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WIM Q&A: Nexon's Kim on KartRider, MapleStory And Beyond

In the latest exclusive interview with sister site Worlds in Motion, Nexon's Min Kim talks about the success of the MapleStory MMO, building a community and crea

Leigh Alexander, Contributor

August 27, 2007

2 Min Read

A giant in multiplayer gaming in the East Nexon’s accessible-to-all MMOs have garnered considerable success here in the US. Worlds in Motion recently visited the singular, stylish sidescrolling MapleStory world, and is now looking ahead to the anticipated launch of an open beta in America for the multiplayer racing game KartRider. Already one of the top-selling online games in the world on the heels of its success in the Asian market with millions of users, rumor has it that we could see an open beta in America as soon as early October. In its latest feature, Worlds in Motion has an in-depth interview with Nexon America's Min Kim on the appeal of KartRider, the massive success of MapleStory, and how Nexon's traditional-looking games coupled with a strong community focus help build user loyalty. Kim says: “I’m finding that these days, for a lot of the teenagers and people playing, it’s now a different experience when you are in the game, and visually in the same place with others. On top of that, what adds community to it is the competition and the customization -- the ability to be unique and create your virtual identity. So you can represent who you are and communicate that.” “One player has met her real-life husband on MapleStory; there are a lot of people finding people they have things in common with, they’re getting closer relationships. Of course, not everyone that gets a MapleStory marriage is in love, but it’s a fun type of way to be close within the game.” He later adds: “One reason MapleStory was successful is, when it first came out, it was at a time when lots of South Korean games were going 3D,” he recalls. “It’s not about pushing the graphics to the edge. They found that out a few years ago; we didn’t want it to look like everything else. When MapleStory came out, we wanted to make it different and turned it into a 2D game, and that was refreshing when everything else was 3D." You can now read the full interview at Worlds in Motion, including Kim's ideas on making and marketing games for both genders, how getting a head start in the virtual goods market has helped Nexon, what's ahead for KartRider, and more (no registration required, please feel free to link to this feature from other websites).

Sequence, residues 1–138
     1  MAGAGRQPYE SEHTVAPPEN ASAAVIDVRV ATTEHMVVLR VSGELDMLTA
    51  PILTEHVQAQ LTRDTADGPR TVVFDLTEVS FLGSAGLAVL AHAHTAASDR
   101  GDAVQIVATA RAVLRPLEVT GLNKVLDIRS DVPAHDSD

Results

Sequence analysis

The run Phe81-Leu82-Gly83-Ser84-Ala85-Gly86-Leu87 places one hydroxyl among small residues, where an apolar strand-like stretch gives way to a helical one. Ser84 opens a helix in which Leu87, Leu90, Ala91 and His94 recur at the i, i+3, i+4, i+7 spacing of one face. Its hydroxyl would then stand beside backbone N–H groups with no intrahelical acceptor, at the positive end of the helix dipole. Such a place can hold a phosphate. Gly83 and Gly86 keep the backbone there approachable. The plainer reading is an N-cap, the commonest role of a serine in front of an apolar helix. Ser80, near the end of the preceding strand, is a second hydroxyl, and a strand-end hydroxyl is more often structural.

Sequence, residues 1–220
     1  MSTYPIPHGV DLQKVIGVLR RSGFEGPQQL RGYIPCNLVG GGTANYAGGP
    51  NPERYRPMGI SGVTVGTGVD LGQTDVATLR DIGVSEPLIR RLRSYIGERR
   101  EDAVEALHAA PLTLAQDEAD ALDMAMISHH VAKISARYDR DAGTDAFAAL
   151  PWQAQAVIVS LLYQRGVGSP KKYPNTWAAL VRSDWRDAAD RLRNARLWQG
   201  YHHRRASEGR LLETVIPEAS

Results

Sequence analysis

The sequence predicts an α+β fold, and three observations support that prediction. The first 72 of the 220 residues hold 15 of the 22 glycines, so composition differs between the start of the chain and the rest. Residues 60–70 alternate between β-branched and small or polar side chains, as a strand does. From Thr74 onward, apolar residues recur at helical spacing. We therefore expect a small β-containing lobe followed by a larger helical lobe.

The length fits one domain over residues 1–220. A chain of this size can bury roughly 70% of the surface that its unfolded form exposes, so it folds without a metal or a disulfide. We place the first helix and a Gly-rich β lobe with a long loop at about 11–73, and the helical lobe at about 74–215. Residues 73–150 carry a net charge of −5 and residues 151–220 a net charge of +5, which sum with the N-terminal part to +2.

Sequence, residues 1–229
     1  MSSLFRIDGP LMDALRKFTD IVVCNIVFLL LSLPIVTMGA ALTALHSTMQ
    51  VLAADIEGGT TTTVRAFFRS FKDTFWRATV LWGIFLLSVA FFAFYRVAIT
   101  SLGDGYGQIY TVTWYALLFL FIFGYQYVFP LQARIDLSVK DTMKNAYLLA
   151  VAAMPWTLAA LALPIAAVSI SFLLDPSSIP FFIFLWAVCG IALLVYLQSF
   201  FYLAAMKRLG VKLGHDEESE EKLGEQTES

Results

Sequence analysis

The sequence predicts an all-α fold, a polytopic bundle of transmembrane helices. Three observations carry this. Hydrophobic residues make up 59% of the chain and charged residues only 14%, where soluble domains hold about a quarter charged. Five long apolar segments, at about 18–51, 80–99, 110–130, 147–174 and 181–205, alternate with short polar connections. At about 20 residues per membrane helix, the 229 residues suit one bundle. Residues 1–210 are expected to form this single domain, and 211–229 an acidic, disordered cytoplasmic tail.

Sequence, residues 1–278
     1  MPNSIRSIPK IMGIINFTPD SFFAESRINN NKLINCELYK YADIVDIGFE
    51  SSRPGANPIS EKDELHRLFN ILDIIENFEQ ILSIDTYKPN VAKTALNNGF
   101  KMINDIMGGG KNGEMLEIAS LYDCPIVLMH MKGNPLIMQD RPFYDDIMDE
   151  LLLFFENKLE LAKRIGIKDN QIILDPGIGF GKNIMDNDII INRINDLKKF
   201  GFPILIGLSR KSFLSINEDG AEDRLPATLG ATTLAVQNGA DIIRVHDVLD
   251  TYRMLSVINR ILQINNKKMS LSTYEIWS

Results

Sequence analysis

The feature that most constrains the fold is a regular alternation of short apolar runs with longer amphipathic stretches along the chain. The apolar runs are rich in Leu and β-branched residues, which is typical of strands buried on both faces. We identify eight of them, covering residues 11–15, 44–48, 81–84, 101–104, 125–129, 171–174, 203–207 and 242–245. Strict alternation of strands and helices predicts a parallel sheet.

About the Author(s)

Leigh Alexander


Leigh Alexander is Editor At Large for Gamasutra and the site's former News Director. Her work has appeared in the Los Angeles Times, Variety, Slate, Paste, Kill Screen, GamePro and numerous other publications. She also blogs regularly about gaming and internet culture at her Sexy Videogameland site. [NOTE: Edited 10/02/2014, this feature-linked bio was outdated.]

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